Census 2017 to Change Political Demography

As a consequence of Census-2017 preliminary results, the Parliament has decided to redistribute nation’s political wealth while retaining the existing 342-member strength of the National Assembly of Pakistan. A constitutional amendment bill has been tabled in the National Assembly.

Only the largest province Punjab will be losing seven general and two women reserved seats. Despite loss of nine seats the Punjab still retains 174 seats (141 general and 33 reserved for women) which is two more than the magic 172 i.e. simple majority to easily elect the Prime Minister of Pakistan. Among gainers are the Balochistan that will get two general and one women reserved seat, Khyber Pakhtunkhwa will gain four general and one women reserved seat and Federal Capital Islamabad will also gain one general seat. The number of seats from Sindh and Federally Administered Tribal Areas will remain unchanged.

On August 25, 2017 the preliminary summary results of the 6th Population and Housing Census were presented in the meeting of the Council of Common Interests (CCI). The provisional results show that the total population of Pakistan is 207.77 million with an average annual growth rate of 2.4 percent during 1998-2017. This data does not include the figures from Gligit-Baltistan and Azad Jammu and Kashmir.

With these results Pakistan has ostensibly surpassed Brazil to become the 5th populous country in the world. The overall increase in population is by 57 percent since the last census in 1998. Trend of decline in the population growth rate was noticed only in Punjab and Sindh that impacted the national average as well.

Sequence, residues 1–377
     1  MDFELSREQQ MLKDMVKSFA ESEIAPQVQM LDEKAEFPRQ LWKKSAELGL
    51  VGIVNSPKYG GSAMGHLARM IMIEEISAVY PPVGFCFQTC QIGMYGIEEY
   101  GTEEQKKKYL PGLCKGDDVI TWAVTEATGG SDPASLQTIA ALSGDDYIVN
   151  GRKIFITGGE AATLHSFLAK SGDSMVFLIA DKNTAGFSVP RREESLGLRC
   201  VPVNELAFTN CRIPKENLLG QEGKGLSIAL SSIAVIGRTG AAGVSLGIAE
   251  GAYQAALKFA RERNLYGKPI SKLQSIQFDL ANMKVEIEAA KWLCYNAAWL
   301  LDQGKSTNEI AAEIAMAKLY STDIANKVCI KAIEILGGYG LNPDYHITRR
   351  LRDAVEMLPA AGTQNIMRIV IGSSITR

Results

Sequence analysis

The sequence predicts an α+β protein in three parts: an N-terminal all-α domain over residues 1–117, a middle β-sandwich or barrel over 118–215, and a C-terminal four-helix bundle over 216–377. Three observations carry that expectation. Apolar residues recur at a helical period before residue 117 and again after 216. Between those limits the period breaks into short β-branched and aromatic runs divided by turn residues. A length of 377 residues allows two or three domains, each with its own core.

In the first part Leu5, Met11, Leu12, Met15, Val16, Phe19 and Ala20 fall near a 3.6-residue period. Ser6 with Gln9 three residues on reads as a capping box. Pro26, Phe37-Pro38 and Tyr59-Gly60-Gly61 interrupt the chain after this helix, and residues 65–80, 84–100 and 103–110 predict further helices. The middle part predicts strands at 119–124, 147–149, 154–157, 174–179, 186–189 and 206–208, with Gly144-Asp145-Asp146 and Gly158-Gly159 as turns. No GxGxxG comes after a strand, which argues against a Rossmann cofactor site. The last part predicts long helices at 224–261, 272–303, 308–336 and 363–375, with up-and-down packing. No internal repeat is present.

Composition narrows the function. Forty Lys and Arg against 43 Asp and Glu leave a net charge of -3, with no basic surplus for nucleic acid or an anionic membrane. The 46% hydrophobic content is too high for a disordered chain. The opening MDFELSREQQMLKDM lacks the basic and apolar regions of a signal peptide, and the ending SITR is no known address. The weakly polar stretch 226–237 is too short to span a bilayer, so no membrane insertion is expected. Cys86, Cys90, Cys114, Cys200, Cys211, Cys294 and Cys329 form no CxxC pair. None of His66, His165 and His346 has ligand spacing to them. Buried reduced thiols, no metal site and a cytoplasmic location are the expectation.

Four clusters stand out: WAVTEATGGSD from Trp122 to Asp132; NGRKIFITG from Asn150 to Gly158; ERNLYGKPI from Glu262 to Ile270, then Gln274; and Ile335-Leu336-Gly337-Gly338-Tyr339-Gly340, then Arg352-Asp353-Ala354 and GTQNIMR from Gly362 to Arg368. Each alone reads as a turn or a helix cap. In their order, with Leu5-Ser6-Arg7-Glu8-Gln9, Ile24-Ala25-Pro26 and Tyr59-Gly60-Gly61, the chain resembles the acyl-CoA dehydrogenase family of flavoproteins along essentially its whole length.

The Census results have busted three popular myths; first they have exposed the official claim of contained 1.8 percent average annual population growth rate, second they confirm that country still remains an over whelming rural society, and thirdly there are ‘missing women’ as the gender gap remain 2.47 percent against the popular claim of women being equal in numbers or in majority. Interestingly the gender gap is higher (4 percent) in urban and lower (2 percent) in rural Pakistan.

The results confirm that 63.62 percent of country’s population is rural and 36.38 percent urban. Among provinces Sindh (52.02 percent) is the most urbanized, followed by the federal capital-Islamabad (50.58 percent) where urbanization is a declining trend. The Federally Administered Tribal Areas (FATA) remains the least urbanized (2.84 percent).